Staff Reporters
Jun 28, 2016

Economy, politics spell gloomy outlook in Malaysia

International brands beat out local competition as economic jitters, currency woes and political uncertainty point to a challenging year for the Malaysian industry.

Economy, politics spell gloomy outlook in Malaysia

International brands beat out local competition as economic jitters, currency woes and political uncertainty point to a challenging year for the Malaysian industry.

International brands top the list this year for Malaysia, with the top five being Samsung, Nestlé, Sony, Panasonic and Apple—in that order. The top-performing home-grown brand is AirAsia, coming in at seventh place.

While the top brands remain the same, there’s been a slight shuffle in the rankings from last year with Sony dropping down to third and Nestlé moving up while Panasonic climbs up to fourth and Apple dips down to fifth place.

Brands are operating in a country that has not had a good year, with 2015 marking the introduction of a goods-and-services tax, public transport hikes and numerous other cost increases.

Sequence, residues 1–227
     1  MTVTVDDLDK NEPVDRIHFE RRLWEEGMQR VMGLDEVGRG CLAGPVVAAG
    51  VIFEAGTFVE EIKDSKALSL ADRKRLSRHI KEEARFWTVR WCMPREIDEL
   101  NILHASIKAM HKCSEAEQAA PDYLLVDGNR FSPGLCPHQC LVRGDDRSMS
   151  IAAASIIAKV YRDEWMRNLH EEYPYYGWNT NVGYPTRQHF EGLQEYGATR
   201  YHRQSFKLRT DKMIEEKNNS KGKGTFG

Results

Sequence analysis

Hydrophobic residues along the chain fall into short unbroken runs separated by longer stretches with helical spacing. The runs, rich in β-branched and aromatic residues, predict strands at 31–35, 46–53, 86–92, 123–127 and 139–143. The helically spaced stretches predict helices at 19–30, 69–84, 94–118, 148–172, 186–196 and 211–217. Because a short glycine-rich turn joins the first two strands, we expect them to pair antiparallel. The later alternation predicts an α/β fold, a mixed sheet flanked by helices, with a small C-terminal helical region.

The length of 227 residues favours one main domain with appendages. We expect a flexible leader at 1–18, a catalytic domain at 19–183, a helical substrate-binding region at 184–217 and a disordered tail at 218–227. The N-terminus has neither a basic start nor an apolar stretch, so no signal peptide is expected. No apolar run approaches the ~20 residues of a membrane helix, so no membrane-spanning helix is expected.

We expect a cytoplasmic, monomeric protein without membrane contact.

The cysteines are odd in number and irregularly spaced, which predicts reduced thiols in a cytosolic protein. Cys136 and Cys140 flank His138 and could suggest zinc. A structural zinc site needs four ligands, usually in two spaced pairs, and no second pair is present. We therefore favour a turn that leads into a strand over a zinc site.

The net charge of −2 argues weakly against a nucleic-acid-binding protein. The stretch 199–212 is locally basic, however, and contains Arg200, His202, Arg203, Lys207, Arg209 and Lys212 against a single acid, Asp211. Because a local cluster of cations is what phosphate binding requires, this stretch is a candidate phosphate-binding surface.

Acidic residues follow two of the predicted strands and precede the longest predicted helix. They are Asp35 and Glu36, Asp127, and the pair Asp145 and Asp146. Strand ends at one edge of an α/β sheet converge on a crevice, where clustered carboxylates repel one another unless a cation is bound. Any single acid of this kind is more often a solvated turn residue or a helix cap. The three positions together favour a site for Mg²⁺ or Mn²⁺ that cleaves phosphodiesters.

This has all been made worse by a declining ringgit that has lost nearly a quarter of its value against the US dollar over the year after dropping eight percent in 2014.

In November, Nielsen reported that Malaysian consumer confidence had dropped to a 10-year low, driven mainly by increased concerns about the economic outlook, the currency woes and growing uncertainty over the country's political stability.

External factors, including declining oil prices, China's slowing economy and US interest rate hikes, do not favour the Malaysian economy.

The government’s oil and gas income—which accounted for 31 percent of total government revenue in 2014—has been suppressed by lower oil prices, which have partly offset the benefits to public finances due to the recent removal of fuel subsidies and the introduction of the sales tax. 

In response, Malaysia revised the local economic growth to be between 4.5 percent and 5.5 percent in 2015, and 4 percent and 5 percent in 2016.

Investor disquiet has deepened as an ongoing scandal around the lack of transparency with the Malaysian state investment fund hangs over all these developments. The 1MDB has racked up US$13.1 billion in debts and made controversial deposits of some US$700 million into the personal bank accounts of Prime Minister Najib Razak.

Marketers are in for more of the same, as industry players expect single-digit growth in advertising expenditure (adex). Advertisers of discretionary products such as quick-service restaurants, lifestyle and fashion products, tourism and entertainment are likely to see greater adverse impact.

According to Nielsen figures, the market’s adex extended its decline in October, dropping marginally to RM1.1 billion (US$282.5 million) from RM1.23 billion (US$315.9 million) in the corresponding period the previous year as cautious sentiment continued to suppress ad spend.

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